My classroom is not a quiet, orderly place.
Students are constantly moving, thinking, talking, reading and writing.
I do my best to help my students find success.

September 24, 2013

The True First Day

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Two Writing Teachers
The first day of school was August 21st for students and classroom teachers.

Since I'm a resource teacher, I helped students and parents find their classrooms, caught up on their summer activities and basked in the beautiful sunshine at lunch recess.

During the next few weeks, classroom teachers and students built community, learned routines, enjoyed learning together.

Resource teachers gave district assessments, diagnostic assessments, compared new students with current students, popped in for a few classroom read alouds, created and revised Instructional Planning forms, created data sheets and spreadsheets, and truly hoped their work positively benefits the classroom teachers and the students.

Today we welcomed primary students to resource groups.  I had to completely shift my thinking and function from whole-school and grade levels and data management to children.  Real children who greeted me with hugs and high-fives.  As I left classrooms, I heard tiny voices, "I can come, too!  Don't forget me! I'd like to go!"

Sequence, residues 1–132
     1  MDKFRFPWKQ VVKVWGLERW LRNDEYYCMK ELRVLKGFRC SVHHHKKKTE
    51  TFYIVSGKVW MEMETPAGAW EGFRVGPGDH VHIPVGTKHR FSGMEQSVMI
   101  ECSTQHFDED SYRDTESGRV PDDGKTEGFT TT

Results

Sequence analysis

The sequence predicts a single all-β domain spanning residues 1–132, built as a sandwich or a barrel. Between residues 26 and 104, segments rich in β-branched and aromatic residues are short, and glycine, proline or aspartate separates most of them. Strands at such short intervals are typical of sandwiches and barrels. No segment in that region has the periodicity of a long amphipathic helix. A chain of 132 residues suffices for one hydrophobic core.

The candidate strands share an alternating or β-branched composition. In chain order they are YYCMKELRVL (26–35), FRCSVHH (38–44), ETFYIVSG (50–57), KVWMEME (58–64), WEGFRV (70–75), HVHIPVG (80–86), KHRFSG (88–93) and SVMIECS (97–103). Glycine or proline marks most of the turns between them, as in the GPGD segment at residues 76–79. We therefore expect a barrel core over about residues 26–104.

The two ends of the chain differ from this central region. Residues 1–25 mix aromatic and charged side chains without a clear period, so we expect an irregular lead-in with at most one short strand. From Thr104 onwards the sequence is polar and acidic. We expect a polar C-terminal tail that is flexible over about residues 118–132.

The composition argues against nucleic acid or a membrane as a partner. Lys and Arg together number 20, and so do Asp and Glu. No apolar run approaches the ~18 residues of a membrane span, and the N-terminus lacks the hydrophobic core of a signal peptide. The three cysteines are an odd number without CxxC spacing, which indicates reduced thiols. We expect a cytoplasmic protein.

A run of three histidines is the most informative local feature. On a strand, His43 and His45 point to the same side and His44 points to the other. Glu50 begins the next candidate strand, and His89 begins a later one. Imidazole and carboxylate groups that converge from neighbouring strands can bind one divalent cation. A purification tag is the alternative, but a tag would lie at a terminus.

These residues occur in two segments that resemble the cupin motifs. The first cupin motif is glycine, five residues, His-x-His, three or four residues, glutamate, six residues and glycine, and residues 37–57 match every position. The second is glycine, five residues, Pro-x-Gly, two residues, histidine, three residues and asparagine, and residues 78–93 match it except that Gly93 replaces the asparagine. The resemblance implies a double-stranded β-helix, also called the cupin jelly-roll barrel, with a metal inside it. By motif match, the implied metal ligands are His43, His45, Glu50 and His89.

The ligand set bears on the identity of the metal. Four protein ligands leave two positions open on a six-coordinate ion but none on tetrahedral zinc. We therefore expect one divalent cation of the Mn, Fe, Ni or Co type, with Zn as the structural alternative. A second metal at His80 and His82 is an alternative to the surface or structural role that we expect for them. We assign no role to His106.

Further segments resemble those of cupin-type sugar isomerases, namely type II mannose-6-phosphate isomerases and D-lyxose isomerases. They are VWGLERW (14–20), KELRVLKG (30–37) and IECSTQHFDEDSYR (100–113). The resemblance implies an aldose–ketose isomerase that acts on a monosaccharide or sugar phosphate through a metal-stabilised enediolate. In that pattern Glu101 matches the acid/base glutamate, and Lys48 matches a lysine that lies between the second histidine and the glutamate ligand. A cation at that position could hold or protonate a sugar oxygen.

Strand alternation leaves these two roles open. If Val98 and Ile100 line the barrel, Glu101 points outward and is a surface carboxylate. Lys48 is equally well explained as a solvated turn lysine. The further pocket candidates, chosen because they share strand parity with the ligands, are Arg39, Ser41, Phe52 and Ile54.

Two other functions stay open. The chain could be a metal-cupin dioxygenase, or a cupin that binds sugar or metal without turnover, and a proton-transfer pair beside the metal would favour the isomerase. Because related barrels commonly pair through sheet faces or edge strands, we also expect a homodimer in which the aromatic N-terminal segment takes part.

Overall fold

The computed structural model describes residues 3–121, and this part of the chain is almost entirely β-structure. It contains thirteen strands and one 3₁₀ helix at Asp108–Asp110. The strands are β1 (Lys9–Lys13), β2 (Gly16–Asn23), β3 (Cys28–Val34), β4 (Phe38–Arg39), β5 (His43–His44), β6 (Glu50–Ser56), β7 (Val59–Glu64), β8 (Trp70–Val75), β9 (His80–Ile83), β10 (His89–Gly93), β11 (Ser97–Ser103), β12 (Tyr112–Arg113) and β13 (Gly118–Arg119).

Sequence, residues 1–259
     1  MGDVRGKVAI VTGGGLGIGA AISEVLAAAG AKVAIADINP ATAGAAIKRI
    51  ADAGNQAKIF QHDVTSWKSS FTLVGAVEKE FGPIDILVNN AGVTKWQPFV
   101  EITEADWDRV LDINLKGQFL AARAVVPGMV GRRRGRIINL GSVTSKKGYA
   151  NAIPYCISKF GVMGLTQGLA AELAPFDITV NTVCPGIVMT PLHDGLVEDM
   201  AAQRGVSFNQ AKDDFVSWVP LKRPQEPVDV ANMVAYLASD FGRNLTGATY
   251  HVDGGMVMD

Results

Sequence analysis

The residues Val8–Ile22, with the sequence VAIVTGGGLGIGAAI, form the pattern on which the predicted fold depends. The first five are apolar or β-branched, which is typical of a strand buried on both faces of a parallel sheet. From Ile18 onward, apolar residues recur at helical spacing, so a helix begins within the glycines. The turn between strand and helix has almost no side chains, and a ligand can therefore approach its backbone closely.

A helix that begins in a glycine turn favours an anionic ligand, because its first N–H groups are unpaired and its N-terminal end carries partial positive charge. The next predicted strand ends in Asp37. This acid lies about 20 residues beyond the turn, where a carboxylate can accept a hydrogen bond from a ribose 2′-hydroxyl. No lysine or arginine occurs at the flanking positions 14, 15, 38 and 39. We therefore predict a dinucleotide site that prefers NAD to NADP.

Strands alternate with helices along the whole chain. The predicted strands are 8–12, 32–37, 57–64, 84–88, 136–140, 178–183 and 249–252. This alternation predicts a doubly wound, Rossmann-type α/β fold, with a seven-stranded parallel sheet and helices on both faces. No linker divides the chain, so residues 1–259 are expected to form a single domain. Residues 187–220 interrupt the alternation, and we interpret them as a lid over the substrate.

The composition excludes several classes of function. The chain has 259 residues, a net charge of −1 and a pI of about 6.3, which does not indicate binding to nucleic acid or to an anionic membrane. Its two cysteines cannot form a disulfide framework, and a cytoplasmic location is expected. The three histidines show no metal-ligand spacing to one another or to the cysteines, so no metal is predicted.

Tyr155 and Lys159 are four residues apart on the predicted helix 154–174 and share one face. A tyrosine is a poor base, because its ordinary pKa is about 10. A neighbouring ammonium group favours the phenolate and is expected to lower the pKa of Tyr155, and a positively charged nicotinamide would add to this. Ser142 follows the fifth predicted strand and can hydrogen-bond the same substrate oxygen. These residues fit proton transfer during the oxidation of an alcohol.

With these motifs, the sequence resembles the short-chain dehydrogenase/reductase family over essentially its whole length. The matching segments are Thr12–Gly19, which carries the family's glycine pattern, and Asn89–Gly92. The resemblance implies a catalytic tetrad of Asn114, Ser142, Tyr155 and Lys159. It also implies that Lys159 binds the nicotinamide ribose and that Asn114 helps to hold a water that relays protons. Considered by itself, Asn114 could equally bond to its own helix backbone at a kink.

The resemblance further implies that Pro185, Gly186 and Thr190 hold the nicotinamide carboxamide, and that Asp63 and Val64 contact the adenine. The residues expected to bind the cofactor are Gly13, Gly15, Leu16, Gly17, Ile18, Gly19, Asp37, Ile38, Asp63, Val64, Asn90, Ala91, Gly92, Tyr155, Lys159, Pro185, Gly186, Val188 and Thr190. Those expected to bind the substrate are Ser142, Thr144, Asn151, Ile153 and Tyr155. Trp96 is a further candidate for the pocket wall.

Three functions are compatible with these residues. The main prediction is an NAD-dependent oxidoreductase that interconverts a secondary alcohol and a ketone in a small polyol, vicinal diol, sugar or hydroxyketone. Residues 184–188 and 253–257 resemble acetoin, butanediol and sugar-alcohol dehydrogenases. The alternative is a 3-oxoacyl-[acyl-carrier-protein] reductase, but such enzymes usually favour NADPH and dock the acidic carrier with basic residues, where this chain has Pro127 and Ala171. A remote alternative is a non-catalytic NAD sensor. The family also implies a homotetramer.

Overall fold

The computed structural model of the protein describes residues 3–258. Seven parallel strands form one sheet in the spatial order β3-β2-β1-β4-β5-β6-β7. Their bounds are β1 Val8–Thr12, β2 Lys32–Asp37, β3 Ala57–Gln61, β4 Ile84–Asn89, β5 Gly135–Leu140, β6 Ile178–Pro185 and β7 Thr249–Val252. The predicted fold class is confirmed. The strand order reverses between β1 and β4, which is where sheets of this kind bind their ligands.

Today I went from thinking and collaborating to listening and conversing.  One student remarked, "I have missed you SO MUCH!"

I really hope all our front-end, building-wide spreadsheets and forms will be seen as time well spent. It's hard to hear from a colleague exactly how many days of school we've had before resource groups began.  I don't want to "compete"... I really don't.  Our roles are vastly different and incredibly essential to student success.
May we all have a common goal.

Today was a good day.


  1. Chris, I'm sure all that up-front planning and work that you, Michelle & the others have expended will be the beginning of a great year. Now you can put all that effort to work for your students who rely on you so much. Have a great year!

  2. A clear message I wish we could share with everyone, but why do we have this feeling that we have to defend what we do? "Our roles are vastly different and incredibly essential to student success." That, my friend, says it all.